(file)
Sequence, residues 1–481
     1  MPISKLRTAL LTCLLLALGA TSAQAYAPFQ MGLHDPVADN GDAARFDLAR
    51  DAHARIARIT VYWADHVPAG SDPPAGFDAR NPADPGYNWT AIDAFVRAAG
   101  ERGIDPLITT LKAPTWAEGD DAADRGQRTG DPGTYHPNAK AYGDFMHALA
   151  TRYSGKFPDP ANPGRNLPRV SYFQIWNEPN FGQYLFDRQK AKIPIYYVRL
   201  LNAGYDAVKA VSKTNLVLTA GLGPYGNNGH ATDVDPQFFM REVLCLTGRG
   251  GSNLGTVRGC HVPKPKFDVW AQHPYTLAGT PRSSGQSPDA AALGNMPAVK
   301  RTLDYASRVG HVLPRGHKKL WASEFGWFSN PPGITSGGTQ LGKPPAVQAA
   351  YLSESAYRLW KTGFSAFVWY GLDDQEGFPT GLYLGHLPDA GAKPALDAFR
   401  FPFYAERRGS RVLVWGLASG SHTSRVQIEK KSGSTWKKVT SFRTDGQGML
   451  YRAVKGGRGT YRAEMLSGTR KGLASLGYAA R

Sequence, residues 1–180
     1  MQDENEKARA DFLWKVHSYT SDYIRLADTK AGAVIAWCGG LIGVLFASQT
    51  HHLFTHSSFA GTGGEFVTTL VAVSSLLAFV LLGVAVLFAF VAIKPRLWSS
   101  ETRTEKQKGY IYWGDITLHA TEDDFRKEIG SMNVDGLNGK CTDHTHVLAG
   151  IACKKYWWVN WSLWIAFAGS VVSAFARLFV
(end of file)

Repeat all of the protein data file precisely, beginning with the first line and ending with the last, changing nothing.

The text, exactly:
Sequence, residues 1–481
     1  MPISKLRTAL LTCLLLALGA TSAQAYAPFQ MGLHDPVADN GDAARFDLAR
    51  DAHARIARIT VYWADHVPAG SDPPAGFDAR NPADPGYNWT AIDAFVRAAG
   101  ERGIDPLITT LKAPTWAEGD DAADRGQRTG DPGTYHPNAK AYGDFMHALA
   151  TRYSGKFPDP ANPGRNLPRV SYFQIWNEPN FGQYLFDRQK AKIPIYYVRL
   201  LNAGYDAVKA VSKTNLVLTA GLGPYGNNGH ATDVDPQFFM REVLCLTGRG
   251  GSNLGTVRGC HVPKPKFDVW AQHPYTLAGT PRSSGQSPDA AALGNMPAVK
   301  RTLDYASRVG HVLPRGHKKL WASEFGWFSN PPGITSGGTQ LGKPPAVQAA
   351  YLSESAYRLW KTGFSAFVWY GLDDQEGFPT GLYLGHLPDA GAKPALDAFR
   401  FPFYAERRGS RVLVWGLASG SHTSRVQIEK KSGSTWKKVT SFRTDGQGML
   451  YRAVKGGRGT YRAEMLSGTR KGLASLGYAA R

Sequence, residues 1–180
     1  MQDENEKARA DFLWKVHSYT SDYIRLADTK AGAVIAWCGG LIGVLFASQT
    51  HHLFTHSSFA GTGGEFVTTL VAVSSLLAFV LLGVAVLFAF VAIKPRLWSS
   101  ETRTEKQKGY IYWGDITLHA TEDDFRKEIG SMNVDGLNGK CTDHTHVLAG
   151  IACKKYWWVN WSLWIAFAGS VVSAFARLFV